I like your list a lot — there are at least five things I consider ultra-essential such as Super Cache, Editorial Calendar, WP Touch and Contact Forms 7. When I’m teaching people WordPress, a lot of times I’ll tell them, if there’s some wacky thing you want to do with your blog, chances are a plugin exists for it out there somewhere. 

    Like one of the other commenters, I’m not a big fan of Disqus. I like Intense Debate as an alternative. Better yet is Facebook comments — that’s a great way to drive up engagement with your blog. 

    I’ve never loved Share This as a social plugin, I think it’s often best to focus on the items users want most (Facebook “like” button and Tweet button) rather than using an everything but the kitchen sink approach. Maybe I just haven’t looked at it in a while — the sharing tools you have on your site all look great. Recently I’ve started to use a “share bar” — Socialize or Socializer I think it’s called. Nice way to groom all of that clutter.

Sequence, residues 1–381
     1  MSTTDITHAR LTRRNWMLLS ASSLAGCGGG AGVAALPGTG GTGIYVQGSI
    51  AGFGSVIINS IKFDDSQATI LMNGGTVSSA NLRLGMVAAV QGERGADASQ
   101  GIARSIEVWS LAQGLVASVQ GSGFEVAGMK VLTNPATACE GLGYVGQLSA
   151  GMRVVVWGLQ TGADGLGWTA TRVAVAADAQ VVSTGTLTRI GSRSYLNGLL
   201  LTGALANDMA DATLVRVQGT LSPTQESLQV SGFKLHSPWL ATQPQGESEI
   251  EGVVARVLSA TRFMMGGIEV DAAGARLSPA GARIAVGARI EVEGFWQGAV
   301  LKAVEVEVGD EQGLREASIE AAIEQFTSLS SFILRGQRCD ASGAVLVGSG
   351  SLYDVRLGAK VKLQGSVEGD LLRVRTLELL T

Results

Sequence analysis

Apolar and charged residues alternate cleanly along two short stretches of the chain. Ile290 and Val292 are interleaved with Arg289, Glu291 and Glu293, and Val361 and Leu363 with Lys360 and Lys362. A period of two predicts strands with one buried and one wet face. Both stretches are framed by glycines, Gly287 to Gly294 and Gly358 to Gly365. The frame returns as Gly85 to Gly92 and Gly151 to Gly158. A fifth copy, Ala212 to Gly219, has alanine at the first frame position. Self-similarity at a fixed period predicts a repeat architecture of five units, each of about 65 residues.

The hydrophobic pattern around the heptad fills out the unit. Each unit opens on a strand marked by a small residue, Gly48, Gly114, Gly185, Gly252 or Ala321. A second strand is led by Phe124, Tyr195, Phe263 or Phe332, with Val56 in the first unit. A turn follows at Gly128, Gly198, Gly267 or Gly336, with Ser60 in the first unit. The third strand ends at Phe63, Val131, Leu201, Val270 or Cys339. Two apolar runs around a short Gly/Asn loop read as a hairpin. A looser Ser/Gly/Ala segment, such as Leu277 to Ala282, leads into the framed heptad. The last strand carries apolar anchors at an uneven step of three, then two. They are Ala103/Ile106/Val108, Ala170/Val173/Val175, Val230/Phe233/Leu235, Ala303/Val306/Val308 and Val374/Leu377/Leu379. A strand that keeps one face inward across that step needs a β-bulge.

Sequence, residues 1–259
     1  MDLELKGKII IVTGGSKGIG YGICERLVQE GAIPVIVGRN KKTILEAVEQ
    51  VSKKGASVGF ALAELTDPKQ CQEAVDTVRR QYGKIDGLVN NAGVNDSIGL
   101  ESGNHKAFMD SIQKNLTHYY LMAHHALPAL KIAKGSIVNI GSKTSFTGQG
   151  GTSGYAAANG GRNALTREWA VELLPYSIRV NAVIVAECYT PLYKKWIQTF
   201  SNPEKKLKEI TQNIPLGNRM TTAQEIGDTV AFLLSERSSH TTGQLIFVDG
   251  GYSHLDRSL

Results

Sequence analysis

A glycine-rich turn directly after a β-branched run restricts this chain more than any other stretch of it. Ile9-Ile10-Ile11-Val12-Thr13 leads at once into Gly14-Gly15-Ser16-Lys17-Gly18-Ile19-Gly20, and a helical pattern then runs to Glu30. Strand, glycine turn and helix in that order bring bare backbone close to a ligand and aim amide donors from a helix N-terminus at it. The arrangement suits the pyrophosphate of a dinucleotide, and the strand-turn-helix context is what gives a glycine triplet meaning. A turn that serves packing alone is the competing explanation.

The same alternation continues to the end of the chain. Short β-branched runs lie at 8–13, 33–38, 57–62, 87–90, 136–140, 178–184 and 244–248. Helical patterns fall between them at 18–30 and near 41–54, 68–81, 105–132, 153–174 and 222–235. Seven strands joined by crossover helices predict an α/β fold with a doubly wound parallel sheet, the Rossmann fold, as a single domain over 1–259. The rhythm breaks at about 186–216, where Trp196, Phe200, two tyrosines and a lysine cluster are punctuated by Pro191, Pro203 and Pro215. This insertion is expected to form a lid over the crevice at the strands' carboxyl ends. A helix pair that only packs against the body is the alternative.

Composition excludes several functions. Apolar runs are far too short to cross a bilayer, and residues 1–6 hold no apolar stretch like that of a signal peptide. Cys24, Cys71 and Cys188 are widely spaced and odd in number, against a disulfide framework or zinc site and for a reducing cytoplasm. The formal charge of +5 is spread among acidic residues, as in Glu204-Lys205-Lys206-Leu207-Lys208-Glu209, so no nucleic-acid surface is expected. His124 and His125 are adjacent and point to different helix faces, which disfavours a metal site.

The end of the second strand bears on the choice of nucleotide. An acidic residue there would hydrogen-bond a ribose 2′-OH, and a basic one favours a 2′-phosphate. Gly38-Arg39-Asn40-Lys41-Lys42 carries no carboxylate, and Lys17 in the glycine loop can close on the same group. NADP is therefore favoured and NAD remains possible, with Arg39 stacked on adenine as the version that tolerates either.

I did a quick peruse of my plugins folder and here a a few that you might enjoy: Instapress, an easy way of displaying Instagram photos, Pretty Links Lite, a great way of making marketing-friendly URL redirects, and Lightbox 2, which produces a really pretty overlay for images. 

    Thanks for the article! 

  • http://www.seo.india-designers.net/ seoexpert

    Awesome post, thanks for providing such useful info. I appreciate the list of plugins provided by you. I have not tried out Jetpack  yet but I will try it out for sure in near future. 

  • Rajni Shriram

    Hi, Heidi! A very informative post, indeed. Could you churn out one for bloggers at blogspot as well. Would appreciate it immensely. Thanks.

  • http://coxcommunications.yolasite.com/ Dawson

    The Google Integration ToolKit is really an useful plugin and as you say, its  multipurpose one – Adsense, Webmaster Tools, Analytics. I am not aware of the Akismet. How can it manage Spam comments? I think then I will need it for sure. Anyways, thanks for the informative share. 

  • Andrea

    Wow, this has got to be one of the most helpful WordPress/blog posts ever. Thanks so much Heidi for taking the time to compile all of these items. I know I am late on the curve for this post, but it’s helpful nonetheless. I came to this post from your recent post of the Starting your blog – 23 point checklist. Thanks for providing such helpful insight on topics. You’re truly a great mentor!

  • Norvegi

    Thank you:)

  • http://commonstupidman.com/ Shahnawaz Sadique

    have using almost all plugin listed here :)